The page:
Earth & Conservation

There's a Jet Stream Churning in the Earth's Core

Satellite observations of the Earth's magnetic field reveal a fast-moving stream of metal deep inside the planet.

When you hear the term "jet stream," you probably think of the powerful winds that encircle the Earth, high up in the atmosphere.

But now, scientists have used observations by the European Space Agency's Swarm satellites to identify another sort of jet stream, one that's made of molten metal instead of air and is located 1,865 miles beneath the Earth's surface, stretching from Siberia to Alaska.

The findings, contained in an article just published in the online edition of Nature Geoscience, depict a previously unknown geological feature that may yield secrets about the Earth's inner workings.

The jet stream inside the Earth is located along the border of two regions of the Earth's core, and it's about 261 miles in width. It moves about 25 miles in the course of a year. That's far slower than the hundreds of miles per hour at which the atmospheric jet streams travel, but three times faster than other parts of the outer core and hundreds of thousands of times faster than the Earth's tectonic plates. The interior jet stream gradually is accelerating, according to the scientists' findings.

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"What's most surprising about the jet is that it's likely been in the core for many years and no-one has seen it before - not even with previous satellite missions," lead researcher Phil Livermore, an associate professor in the School of Earth and the Environment at the University of Leeds, said in an email. "The jet is likely to have been around in the core for some hundreds of millions of years, and we've only just glimpsed it through the technical-revolution of the Swarm mission."

Swarm, launched in 2013, uses a trio of satellites rather than just one probe to produce extremely high-resolution images of the Earth's magnetic field and how it moves. By analyzing that data, scientists essentially can peer inside the planet.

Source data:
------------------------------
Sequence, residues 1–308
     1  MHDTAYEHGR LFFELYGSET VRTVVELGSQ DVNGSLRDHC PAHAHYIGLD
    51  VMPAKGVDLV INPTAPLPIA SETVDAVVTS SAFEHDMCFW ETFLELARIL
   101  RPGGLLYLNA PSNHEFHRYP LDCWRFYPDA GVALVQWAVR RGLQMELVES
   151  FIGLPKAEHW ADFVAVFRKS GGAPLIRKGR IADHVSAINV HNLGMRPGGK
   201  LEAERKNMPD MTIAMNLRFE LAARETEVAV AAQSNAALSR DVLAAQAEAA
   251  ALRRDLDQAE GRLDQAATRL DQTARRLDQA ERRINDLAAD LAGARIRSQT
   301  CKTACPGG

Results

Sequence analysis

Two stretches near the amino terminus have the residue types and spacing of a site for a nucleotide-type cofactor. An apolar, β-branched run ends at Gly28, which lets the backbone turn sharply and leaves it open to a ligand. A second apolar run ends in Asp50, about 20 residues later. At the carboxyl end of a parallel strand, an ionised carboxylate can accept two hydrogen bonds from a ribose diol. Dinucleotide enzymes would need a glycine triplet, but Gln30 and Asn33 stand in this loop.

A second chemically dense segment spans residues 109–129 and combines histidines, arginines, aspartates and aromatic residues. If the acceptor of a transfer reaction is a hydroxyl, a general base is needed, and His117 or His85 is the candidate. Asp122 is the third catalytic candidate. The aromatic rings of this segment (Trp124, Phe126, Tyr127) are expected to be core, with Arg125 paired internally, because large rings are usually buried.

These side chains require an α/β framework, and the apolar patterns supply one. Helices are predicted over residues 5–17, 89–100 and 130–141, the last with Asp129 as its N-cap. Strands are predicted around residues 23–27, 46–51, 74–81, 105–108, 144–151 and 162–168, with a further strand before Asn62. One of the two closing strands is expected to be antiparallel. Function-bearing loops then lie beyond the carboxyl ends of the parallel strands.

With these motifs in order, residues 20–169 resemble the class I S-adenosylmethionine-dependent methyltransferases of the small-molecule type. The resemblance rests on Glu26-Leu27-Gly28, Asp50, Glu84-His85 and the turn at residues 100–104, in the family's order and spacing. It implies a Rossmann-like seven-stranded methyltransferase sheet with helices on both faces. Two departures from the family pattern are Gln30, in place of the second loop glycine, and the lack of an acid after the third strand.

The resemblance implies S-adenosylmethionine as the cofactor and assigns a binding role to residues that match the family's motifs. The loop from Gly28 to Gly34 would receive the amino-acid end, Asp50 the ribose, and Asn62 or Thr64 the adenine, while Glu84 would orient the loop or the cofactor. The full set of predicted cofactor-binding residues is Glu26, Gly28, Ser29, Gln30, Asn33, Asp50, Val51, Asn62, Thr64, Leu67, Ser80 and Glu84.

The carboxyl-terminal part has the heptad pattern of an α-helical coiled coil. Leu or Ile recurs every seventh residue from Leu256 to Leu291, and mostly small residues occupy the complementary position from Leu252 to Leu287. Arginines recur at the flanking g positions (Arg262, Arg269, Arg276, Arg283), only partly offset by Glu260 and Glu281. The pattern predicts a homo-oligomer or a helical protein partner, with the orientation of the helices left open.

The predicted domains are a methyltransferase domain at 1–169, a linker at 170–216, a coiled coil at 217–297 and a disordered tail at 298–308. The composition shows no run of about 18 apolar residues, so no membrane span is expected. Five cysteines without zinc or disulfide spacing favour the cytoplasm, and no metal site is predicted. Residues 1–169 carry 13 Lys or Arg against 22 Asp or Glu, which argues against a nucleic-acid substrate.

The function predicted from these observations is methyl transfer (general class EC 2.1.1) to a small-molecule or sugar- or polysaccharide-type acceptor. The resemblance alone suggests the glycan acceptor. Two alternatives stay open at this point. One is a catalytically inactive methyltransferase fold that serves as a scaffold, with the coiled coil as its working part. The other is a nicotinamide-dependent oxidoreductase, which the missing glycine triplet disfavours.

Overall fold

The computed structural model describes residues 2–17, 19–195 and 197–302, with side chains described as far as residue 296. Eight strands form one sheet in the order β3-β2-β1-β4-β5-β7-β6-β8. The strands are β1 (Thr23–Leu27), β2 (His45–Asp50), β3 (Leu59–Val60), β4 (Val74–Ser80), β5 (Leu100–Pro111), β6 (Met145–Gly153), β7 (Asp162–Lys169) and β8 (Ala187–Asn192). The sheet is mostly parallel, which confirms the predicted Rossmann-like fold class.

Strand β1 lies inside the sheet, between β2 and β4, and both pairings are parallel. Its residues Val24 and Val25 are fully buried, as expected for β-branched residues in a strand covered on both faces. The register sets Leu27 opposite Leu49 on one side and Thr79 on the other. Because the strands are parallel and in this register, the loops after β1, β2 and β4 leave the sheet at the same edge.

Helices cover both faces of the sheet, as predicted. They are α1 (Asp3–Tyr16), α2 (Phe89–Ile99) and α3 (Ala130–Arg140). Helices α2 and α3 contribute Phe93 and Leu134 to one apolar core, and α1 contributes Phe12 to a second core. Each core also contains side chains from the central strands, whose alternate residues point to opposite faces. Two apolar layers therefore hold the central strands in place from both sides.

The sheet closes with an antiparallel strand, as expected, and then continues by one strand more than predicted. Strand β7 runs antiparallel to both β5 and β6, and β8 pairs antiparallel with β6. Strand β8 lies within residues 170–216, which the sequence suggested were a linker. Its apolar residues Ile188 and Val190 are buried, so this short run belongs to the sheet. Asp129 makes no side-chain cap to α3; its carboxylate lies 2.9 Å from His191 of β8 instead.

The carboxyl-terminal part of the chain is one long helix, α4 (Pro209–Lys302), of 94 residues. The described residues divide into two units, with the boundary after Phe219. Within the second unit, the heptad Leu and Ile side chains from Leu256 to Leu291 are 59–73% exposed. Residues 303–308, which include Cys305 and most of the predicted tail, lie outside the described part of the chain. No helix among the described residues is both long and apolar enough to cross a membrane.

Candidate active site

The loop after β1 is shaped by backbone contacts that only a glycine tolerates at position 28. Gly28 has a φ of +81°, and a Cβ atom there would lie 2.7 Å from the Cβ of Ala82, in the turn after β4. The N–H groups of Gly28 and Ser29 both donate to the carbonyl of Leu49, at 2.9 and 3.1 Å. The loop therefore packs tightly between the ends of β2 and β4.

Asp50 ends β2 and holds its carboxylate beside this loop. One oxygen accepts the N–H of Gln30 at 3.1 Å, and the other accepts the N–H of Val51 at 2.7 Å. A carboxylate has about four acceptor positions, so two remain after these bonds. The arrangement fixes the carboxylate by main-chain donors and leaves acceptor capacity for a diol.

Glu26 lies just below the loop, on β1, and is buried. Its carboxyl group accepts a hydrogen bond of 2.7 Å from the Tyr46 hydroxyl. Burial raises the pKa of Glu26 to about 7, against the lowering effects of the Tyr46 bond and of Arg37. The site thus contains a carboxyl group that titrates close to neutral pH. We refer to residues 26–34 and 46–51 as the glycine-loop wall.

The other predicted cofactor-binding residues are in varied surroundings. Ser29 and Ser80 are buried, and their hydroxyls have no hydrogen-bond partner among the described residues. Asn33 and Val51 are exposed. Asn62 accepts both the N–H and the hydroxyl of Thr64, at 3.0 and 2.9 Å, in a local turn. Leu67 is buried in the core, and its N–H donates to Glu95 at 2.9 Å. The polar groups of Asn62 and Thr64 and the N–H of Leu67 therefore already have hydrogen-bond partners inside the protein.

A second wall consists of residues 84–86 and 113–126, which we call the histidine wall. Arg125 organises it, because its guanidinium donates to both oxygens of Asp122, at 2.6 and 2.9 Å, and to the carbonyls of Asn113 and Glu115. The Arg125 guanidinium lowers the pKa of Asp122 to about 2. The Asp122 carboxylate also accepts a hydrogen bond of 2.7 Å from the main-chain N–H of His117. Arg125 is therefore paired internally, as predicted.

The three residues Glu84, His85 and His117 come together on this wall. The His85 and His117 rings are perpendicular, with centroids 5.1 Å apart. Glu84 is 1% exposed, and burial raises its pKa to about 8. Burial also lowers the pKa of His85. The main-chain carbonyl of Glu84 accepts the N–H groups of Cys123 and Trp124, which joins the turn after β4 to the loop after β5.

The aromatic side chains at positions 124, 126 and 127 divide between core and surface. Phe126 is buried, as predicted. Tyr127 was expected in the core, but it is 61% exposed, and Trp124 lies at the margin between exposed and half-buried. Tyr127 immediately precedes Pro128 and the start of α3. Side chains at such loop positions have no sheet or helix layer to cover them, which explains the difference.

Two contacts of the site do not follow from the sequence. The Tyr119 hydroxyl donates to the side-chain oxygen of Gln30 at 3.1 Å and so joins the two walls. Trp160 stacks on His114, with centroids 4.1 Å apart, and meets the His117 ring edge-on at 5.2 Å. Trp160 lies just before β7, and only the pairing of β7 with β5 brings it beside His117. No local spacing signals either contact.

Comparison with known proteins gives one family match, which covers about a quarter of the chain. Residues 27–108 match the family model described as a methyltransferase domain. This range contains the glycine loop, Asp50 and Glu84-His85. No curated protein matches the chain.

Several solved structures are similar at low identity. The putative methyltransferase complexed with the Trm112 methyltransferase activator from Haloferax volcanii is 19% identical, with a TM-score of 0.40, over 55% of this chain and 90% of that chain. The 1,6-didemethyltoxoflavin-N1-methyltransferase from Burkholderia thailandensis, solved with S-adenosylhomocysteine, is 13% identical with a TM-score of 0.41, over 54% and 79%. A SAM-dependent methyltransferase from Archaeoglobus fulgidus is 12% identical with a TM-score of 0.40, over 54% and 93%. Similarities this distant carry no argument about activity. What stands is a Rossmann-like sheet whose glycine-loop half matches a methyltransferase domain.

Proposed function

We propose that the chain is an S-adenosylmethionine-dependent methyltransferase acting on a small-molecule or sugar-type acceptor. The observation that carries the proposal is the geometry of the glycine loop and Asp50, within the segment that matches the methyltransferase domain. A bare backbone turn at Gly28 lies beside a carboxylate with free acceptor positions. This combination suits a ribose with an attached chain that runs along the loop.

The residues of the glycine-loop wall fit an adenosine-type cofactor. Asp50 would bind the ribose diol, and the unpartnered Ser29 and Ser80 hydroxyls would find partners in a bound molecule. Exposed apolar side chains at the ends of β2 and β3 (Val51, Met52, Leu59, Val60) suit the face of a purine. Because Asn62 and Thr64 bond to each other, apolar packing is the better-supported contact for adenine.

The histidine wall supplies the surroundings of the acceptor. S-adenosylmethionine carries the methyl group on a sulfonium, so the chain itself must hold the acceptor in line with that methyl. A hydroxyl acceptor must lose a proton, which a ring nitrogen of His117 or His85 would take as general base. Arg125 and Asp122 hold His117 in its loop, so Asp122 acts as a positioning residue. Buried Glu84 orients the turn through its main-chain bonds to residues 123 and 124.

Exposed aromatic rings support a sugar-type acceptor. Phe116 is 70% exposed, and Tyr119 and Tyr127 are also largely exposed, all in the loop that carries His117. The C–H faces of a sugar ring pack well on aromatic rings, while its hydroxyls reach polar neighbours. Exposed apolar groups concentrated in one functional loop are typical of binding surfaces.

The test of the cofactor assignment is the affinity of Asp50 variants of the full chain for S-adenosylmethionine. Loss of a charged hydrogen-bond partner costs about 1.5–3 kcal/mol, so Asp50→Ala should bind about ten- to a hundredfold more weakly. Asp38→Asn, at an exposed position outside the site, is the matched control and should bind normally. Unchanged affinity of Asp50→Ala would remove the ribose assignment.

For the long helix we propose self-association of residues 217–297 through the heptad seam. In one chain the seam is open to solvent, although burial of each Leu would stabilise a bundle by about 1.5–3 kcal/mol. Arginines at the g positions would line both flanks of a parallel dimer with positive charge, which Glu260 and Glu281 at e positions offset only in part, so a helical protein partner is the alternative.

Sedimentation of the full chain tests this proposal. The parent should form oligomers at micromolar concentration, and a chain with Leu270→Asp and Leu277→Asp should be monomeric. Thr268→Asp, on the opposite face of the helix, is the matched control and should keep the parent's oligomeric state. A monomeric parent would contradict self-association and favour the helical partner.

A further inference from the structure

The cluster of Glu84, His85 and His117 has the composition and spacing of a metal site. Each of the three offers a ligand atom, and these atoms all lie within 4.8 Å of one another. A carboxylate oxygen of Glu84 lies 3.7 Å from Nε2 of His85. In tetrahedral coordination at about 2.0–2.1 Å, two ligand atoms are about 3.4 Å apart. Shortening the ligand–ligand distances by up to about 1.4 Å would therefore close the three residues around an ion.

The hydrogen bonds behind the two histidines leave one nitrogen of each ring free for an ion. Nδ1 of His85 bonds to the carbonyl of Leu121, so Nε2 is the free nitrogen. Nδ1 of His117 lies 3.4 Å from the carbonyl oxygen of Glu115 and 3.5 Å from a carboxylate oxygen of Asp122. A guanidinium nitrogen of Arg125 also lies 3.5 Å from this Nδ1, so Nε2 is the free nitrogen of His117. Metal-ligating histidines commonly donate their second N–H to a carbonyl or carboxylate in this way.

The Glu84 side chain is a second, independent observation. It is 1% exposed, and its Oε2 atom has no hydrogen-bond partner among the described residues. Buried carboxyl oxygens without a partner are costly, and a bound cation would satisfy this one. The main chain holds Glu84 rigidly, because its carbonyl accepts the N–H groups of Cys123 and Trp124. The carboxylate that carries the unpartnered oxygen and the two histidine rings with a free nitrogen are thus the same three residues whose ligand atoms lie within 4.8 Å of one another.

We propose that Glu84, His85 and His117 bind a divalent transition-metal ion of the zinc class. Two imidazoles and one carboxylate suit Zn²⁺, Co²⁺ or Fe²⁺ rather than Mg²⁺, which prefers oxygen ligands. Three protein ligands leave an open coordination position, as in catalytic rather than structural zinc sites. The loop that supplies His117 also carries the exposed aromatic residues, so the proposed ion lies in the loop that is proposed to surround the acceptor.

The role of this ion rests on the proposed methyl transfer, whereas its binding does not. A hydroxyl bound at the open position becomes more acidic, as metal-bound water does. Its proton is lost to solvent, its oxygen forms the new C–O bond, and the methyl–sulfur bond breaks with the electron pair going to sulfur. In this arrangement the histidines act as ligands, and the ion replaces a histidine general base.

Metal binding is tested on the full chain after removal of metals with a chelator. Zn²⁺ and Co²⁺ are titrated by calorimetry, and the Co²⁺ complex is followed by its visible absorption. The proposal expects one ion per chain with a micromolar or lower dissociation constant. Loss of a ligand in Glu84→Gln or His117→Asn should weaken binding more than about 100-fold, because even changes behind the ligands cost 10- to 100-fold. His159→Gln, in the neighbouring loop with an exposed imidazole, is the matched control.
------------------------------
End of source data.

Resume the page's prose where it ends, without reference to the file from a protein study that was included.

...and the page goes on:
"Swarm measures the magnetic field in space, from which it is possible to create an image of the magnetic field at the edge of the Earth's core," Livermore said. "Although the mantle is solid rock, the magnetic field can 'see' inside, and hence produce an x-ray view of the inside of our planet. At high latitude, at the edge of the core, there are patches of intense magnetic field that we can track over time. it is these features that allows us to infer that the iron in the core is moving in a jet. We cannot see the jet itself, but we can see its effect by the fact that it drags around magnetic features."

Livermore described the jet stream as "a very significant" feature of the core, and said that gaining knowledge about it will help scientists to better understand the interior workings of the planet.

"The jet stream probably doesn't have any immediate impacts for us on the Earth surface, but it may shed light on the dynamical state of the liquid core," he said. "The more we know about how the core operates, the more chance we will have in, for example, being able to predict whether the current weakening of the magnetic field is a precursor to a global reversal."

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The jet stream inside the Earth doesn't form a ring around the planet, as the ones in the atmosphere do. Instead, it's a boundary within the core, separating two regions with different dynamics. Technical University of Denmark senior scientist Chris Finlay, one of the study's co-authors, described the internal jet stream in an email as existing "around an imaginary cylinder that sits around the inner core and is parallel to Earth's rotation axis."

"If fluid is forced towards the boundary from both sides, it has nowhere to go but sideways - and hence forms the jet," Livermore said.

The jet stream's direction and magnitude are likely caused by the core's internal magnetic field, Livermore said. That could mean that as the magnetic field changes over time, the direction and magnitude of the jet also will change.

Image: Magnetic field data gathered by European Space Agency's Swarm satellites show a river of molten metal deep inside the Earth. Credit: ESA.

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